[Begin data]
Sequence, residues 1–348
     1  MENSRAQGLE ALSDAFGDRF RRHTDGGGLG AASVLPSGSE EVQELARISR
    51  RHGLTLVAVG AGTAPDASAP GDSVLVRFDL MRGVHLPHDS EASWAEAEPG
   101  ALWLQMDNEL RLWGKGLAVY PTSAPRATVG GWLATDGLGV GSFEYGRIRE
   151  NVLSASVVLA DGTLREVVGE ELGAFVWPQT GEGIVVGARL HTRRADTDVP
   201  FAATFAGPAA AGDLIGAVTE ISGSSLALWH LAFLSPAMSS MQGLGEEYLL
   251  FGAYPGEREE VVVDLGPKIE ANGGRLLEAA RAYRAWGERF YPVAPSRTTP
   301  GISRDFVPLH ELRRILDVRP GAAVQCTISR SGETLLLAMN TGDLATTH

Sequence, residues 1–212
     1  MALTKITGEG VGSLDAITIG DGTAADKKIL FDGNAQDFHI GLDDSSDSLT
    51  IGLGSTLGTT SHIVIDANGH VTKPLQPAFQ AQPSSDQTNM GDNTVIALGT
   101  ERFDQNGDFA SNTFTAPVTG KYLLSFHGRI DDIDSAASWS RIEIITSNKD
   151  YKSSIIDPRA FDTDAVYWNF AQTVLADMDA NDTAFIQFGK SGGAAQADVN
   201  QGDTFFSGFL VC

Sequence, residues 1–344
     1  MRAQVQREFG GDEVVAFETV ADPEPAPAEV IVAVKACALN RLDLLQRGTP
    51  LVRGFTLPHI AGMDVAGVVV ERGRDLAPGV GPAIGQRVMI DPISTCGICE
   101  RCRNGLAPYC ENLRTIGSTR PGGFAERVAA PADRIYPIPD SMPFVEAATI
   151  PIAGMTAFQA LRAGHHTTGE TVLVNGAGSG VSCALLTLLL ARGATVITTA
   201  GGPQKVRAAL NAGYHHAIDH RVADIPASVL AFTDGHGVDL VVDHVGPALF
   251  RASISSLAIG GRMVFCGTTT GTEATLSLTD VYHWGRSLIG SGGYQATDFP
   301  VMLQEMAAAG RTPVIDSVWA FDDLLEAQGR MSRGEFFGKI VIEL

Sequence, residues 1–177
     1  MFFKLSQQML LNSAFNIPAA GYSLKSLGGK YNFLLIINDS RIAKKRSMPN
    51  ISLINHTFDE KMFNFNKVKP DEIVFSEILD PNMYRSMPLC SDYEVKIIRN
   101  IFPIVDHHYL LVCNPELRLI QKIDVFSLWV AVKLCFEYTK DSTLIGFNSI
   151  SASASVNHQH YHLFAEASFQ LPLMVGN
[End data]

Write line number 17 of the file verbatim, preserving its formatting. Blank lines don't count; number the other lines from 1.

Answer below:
    51  LVRGFTLPHI AGMDVAGVVV ERGRDLAPGV GPAIGQRVMI DPISTCGICE